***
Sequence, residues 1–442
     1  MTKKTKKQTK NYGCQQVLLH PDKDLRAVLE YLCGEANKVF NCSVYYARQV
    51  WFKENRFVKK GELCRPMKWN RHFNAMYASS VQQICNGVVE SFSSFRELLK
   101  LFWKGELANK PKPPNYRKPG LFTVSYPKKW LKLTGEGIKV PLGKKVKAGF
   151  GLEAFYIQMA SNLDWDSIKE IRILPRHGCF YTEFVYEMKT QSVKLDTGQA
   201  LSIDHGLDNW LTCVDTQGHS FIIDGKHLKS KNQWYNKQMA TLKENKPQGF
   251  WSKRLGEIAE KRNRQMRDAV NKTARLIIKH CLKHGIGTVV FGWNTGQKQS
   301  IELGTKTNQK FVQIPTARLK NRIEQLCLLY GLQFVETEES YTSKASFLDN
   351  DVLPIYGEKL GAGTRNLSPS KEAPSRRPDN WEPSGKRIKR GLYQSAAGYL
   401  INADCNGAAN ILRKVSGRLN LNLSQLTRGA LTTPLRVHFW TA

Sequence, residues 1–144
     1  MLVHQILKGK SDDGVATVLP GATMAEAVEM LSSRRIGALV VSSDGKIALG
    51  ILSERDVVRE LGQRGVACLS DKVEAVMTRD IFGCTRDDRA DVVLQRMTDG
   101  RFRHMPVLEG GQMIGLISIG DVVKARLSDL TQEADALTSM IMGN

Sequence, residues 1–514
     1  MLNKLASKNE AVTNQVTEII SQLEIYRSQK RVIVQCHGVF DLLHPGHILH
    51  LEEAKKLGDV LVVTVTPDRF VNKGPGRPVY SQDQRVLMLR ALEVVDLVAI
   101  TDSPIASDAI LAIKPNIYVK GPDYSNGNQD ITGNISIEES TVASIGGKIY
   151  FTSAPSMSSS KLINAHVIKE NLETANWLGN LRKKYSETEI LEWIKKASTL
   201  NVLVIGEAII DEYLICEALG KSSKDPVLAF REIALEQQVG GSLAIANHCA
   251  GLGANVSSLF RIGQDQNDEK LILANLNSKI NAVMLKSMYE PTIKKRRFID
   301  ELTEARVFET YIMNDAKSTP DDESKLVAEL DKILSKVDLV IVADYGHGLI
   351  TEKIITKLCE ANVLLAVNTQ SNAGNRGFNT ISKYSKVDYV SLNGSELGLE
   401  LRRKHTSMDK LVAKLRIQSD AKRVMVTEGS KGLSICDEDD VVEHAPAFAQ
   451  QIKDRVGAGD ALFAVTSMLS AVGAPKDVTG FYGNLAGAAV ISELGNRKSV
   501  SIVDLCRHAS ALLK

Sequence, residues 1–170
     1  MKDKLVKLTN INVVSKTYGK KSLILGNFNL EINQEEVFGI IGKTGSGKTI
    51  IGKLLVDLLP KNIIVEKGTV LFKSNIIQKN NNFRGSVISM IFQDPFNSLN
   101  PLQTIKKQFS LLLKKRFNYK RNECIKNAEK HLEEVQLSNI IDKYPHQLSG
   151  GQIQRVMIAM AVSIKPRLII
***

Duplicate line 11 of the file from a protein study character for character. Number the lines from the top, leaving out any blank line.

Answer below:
Sequence, residues 1–144